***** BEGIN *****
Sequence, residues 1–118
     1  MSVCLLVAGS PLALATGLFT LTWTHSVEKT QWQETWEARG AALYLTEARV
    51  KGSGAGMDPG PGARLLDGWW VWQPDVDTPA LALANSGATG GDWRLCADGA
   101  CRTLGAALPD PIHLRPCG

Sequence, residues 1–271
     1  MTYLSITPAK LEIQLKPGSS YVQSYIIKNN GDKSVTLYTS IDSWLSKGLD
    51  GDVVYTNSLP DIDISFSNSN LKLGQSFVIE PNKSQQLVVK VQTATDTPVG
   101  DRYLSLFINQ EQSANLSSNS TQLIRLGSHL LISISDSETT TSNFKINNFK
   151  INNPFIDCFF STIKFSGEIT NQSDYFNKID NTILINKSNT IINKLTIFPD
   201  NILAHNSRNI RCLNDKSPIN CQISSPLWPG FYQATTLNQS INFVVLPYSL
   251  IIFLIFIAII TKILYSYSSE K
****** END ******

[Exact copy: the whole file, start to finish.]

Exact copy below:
Sequence, residues 1–118
     1  MSVCLLVAGS PLALATGLFT LTWTHSVEKT QWQETWEARG AALYLTEARV
    51  KGSGAGMDPG PGARLLDGWW VWQPDVDTPA LALANSGATG GDWRLCADGA
   101  CRTLGAALPD PIHLRPCG

Sequence, residues 1–271
     1  MTYLSITPAK LEIQLKPGSS YVQSYIIKNN GDKSVTLYTS IDSWLSKGLD
    51  GDVVYTNSLP DIDISFSNSN LKLGQSFVIE PNKSQQLVVK VQTATDTPVG
   101  DRYLSLFINQ EQSANLSSNS TQLIRLGSHL LISISDSETT TSNFKINNFK
   151  INNPFIDCFF STIKFSGEIT NQSDYFNKID NTILINKSNT IINKLTIFPD
   201  NILAHNSRNI RCLNDKSPIN CQISSPLWPG FYQATTLNQS INFVVLPYSL
   251  IIFLIFIAII TKILYSYSSE K